I’ve only heard about 40% of the audio thus far, and with one exception, I’ve found it both challenging and edifying. And from the brief blog reviews that I’ve skimmed over, the rest of the conference looks like it will follow suit.

About that one exception. I have a few bones to pick with Malcolm Yarnell’s presentation. But let me preface them by stating the obvious. Dr. Yarnell is an Associate Professor of Systematic Theology, Assistant Dean for Theology Studies, Director of the Oxford Study Program, and Director of the Center for Theological Research. I’m a tall, skinny nobody. Dr. Yarnell is my elder brother in the Faith. I’m just a babe in Christ. Dr. Yarnell stood before an audience that, I assume, was largely comprised of individuals who would have substantial theological differences with him and delivered a passionate message. I’m sitting on my duff in front of a computer. Believe me, the magnitude of the differences here are not lost on me. And it’s entirely possible that my beefs with Dr. Yarnell’s presentation are simply due to the fact that he had a lot to say and a limited amount of time to say it. Clarity is often lost in such situations. Nevertheless, a few shortcomings in his presentation need to be pointed out.

The first is the use of the stick labeled “Calvin Burned Servetus”. It’s the same stick that atheists use against Protestants when they tire of swinging the stick labeled “Spanish Inquisition” against Catholics. The historical record is clear enough for those who can approach it without looking for a club to swing. Calvin warned Servetus through an intermediary that he could not guarantee Servetus’ safety if he came to Geneva. Yet, Servetus came anyway. Calvin sought advice from several churches throughout Europe after Servetus’ imprisonment. All responded alike – let Servetus burn; and he had already been condemned to death by the Catholics. Calvin pleaded with the city counsel that Servetus’ death be by some other means than burning. But proving that Calvin was not “Geneva’s Dictator”, the counsel did not listen to him.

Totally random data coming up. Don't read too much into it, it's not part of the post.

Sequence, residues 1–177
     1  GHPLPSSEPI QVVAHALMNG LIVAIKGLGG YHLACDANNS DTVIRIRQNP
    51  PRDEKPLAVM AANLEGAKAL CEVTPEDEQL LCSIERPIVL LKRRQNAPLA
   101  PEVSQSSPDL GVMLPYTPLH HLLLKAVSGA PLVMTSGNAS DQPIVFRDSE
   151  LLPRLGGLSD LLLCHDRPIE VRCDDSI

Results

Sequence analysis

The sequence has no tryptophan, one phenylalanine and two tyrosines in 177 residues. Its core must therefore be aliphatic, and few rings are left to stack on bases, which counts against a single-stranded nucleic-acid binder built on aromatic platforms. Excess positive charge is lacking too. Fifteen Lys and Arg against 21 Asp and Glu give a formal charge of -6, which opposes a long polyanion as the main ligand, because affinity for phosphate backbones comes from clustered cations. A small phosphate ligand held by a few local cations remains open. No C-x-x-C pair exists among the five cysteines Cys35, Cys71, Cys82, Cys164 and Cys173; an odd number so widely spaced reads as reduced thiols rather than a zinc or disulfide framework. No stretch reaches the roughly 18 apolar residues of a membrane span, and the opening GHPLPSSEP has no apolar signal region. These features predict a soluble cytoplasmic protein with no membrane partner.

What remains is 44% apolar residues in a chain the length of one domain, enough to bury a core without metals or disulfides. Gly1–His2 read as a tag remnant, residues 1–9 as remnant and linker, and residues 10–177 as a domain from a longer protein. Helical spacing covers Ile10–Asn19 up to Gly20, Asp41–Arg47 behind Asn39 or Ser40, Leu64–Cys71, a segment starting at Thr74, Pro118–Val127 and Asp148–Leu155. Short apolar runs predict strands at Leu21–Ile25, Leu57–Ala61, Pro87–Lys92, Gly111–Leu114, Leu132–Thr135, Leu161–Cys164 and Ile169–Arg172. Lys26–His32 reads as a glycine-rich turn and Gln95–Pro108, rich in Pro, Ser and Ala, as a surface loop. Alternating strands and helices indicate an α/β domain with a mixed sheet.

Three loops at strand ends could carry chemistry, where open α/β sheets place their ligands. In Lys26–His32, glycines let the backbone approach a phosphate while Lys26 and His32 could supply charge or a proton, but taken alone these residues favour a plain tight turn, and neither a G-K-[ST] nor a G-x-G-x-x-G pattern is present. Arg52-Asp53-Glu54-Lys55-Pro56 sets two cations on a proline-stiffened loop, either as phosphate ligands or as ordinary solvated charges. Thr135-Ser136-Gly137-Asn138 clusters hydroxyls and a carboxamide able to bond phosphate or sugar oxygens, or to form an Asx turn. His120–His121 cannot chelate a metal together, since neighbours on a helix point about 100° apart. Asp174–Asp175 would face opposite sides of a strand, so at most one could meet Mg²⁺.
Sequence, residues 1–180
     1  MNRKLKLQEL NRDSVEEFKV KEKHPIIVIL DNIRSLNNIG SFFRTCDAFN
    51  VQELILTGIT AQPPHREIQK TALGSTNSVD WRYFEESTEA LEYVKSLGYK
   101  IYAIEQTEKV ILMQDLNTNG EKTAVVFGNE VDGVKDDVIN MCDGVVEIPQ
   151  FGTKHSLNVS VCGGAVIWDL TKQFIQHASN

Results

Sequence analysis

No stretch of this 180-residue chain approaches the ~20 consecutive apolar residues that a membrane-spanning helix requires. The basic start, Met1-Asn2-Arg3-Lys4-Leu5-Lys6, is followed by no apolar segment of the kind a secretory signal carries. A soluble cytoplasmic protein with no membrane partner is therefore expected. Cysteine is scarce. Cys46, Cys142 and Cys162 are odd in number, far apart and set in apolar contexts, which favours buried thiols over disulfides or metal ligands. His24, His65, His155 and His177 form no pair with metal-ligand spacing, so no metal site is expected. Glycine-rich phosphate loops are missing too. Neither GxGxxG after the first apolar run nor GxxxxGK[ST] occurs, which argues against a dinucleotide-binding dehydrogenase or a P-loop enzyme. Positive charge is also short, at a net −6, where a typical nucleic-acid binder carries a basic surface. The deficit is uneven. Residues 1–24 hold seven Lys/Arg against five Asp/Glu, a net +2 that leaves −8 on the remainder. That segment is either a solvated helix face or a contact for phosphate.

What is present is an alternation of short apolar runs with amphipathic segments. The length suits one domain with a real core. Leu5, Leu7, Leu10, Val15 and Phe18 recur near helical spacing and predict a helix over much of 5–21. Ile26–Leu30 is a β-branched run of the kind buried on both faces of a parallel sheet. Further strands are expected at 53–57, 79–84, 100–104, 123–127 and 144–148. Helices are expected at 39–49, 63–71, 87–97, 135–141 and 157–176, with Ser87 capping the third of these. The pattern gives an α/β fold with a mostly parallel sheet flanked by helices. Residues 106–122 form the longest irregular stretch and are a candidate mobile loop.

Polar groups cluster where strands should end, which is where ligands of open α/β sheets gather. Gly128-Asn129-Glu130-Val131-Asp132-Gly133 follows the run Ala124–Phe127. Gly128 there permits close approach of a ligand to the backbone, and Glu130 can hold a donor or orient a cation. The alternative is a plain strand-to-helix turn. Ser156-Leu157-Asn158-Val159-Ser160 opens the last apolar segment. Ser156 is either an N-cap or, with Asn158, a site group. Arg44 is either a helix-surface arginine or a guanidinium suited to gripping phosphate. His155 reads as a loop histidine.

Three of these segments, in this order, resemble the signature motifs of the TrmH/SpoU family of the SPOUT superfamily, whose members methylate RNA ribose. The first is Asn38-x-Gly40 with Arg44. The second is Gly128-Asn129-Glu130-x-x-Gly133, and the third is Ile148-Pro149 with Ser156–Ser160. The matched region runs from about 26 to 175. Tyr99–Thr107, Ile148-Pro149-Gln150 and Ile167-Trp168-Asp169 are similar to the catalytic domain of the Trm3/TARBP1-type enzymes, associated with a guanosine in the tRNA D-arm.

Calvin was only granted bourgeois status at Geneva in his old age; he never became a citizen of the city. He could not stand for office and, until Dec. 1559, could not even vote in the city elections; nor did he have privileged access to, or direct influence over, the city council at any point during his career.

Calvin could and did urge, cajole and plead; he could not, however, command.

~ Alister McGrath, A Life of John Calvin (p.109, 125)